Encyclopedia o f Chicago
Entries : Street Musicians
Street Musicians

Street Musicians

Maxwell Street Musician, 1959
Many cities encourage, or tolerate, street musicians as local color that enhances the culture. Historically, Chicago has not been one of them. Instead, police and city officials have generally treated street musicians as panhandling pests, beggars with guitar cases. Moreover, it takes a hardy soul to sing for a living against the screech of the downtown subway or the winds of the Michigan Avenue Bridge.

Maxwell Street was long the city's hotspot for street blues, until urban renewal and the expansion of the University of Illinois at Chicago claimed much of the prime territory. From Muddy Waters and Howlin' Wolf to Hound Dog Taylor and Maxwell Street Jimmy, the market earned renown as what author Ira Berkow termed “the most important area in the most important city for modern blues in America.”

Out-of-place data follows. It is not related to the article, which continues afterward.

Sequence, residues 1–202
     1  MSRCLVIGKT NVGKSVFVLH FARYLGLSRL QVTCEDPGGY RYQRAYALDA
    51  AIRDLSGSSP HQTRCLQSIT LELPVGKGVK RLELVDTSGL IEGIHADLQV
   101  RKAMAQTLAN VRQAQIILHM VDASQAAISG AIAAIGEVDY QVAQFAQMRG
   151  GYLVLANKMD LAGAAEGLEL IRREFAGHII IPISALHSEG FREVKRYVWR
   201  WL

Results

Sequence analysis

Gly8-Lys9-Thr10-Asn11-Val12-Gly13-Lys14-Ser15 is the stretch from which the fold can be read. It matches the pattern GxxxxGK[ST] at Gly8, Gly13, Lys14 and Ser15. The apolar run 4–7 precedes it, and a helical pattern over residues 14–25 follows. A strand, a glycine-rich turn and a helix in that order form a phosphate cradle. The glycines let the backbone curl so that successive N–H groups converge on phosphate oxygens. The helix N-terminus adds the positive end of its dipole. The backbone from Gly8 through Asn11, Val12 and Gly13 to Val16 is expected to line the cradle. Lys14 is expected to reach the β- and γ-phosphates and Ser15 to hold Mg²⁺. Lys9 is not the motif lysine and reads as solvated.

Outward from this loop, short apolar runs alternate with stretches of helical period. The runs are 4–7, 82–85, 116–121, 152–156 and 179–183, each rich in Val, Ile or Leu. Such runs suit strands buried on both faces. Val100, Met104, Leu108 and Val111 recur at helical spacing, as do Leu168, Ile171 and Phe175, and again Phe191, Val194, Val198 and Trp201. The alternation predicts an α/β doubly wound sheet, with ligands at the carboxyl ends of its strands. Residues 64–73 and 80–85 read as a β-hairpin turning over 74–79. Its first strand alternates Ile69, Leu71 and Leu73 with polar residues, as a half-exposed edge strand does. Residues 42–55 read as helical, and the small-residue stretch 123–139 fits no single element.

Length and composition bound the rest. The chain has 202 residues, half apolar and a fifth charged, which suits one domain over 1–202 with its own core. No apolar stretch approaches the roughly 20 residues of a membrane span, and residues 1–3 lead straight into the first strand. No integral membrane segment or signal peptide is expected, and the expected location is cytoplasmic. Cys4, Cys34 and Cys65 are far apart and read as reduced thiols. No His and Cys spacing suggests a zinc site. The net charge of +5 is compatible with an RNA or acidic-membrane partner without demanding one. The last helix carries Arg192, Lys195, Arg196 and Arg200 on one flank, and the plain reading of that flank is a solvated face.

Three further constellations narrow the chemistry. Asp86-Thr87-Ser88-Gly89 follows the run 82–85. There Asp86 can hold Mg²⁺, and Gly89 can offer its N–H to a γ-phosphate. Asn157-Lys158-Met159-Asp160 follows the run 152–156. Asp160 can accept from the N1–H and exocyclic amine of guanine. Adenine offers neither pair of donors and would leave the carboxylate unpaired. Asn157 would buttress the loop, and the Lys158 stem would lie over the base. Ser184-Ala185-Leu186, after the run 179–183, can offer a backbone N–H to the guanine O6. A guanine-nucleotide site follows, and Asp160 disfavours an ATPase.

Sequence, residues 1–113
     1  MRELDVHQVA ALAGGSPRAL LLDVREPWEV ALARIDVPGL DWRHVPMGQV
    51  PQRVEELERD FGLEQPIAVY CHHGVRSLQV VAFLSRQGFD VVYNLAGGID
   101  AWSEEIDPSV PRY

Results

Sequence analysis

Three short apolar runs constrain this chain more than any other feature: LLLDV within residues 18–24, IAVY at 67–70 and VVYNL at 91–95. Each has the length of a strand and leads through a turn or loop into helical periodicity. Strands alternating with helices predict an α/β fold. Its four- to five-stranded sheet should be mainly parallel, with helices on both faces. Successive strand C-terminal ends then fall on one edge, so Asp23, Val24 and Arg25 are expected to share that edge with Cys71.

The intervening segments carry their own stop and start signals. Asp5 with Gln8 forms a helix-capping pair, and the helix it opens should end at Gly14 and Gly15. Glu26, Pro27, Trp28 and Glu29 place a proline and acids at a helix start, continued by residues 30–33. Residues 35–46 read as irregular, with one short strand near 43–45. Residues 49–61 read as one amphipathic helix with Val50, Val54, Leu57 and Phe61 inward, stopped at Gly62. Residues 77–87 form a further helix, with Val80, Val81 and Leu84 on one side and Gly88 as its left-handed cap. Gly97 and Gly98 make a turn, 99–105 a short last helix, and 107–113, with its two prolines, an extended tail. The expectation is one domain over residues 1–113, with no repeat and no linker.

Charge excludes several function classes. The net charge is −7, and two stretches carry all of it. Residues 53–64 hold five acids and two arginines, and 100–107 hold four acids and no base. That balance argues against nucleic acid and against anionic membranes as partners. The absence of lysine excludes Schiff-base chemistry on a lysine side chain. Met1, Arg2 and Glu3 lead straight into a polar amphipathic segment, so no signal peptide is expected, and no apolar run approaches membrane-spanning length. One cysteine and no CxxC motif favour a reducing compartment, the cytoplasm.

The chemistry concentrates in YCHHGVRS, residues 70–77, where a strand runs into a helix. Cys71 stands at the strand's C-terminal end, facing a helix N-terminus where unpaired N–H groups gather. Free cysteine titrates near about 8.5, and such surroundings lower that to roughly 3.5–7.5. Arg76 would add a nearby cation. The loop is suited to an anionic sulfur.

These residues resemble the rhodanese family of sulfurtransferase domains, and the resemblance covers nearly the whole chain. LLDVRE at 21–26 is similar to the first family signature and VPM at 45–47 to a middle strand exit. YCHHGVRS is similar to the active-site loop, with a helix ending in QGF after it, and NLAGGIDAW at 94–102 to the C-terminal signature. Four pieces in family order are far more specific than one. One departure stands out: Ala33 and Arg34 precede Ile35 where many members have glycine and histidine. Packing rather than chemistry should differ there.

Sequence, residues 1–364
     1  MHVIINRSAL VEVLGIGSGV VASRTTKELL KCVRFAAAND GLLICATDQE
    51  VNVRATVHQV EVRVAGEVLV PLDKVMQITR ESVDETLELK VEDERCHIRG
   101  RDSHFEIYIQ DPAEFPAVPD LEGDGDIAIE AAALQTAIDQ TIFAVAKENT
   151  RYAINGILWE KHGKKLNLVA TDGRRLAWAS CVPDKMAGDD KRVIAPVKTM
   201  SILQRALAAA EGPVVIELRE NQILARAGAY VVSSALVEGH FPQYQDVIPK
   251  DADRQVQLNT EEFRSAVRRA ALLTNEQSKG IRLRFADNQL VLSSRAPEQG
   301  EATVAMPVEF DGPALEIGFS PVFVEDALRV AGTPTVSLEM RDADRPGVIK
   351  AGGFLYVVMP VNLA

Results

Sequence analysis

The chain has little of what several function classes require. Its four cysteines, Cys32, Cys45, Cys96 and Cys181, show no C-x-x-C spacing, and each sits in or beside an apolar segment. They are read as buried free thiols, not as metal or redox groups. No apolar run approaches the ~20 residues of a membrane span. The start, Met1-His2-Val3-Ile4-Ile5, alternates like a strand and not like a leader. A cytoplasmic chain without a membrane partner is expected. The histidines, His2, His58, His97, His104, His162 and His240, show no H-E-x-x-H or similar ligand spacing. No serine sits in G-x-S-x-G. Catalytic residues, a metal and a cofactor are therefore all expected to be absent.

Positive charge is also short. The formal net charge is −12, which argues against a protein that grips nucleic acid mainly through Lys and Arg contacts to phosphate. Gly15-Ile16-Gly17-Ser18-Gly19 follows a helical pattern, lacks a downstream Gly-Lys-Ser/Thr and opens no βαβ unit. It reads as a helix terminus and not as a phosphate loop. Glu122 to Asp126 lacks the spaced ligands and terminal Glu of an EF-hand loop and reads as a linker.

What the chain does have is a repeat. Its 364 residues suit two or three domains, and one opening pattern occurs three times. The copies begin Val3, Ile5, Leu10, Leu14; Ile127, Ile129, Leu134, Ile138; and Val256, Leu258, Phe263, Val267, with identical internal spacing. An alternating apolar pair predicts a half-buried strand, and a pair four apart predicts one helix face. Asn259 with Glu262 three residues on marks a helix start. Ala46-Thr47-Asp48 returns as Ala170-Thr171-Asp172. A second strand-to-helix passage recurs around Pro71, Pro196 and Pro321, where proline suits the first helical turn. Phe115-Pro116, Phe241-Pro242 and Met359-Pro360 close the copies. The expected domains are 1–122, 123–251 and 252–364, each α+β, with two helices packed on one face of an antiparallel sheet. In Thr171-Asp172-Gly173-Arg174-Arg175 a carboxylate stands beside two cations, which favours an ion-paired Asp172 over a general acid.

The administration most friendly to street musicians was that of Mayor Harold Washington, who authorized a licensing system in the mid-1980s that allowed buskers to ply their trade for a token fee of 10 dollars. By the late 1990s, however, street musicians were once again subject to misdemeanor arrest for solicitation of public funds.

Berkow, Ira. Maxwell Street. 1977.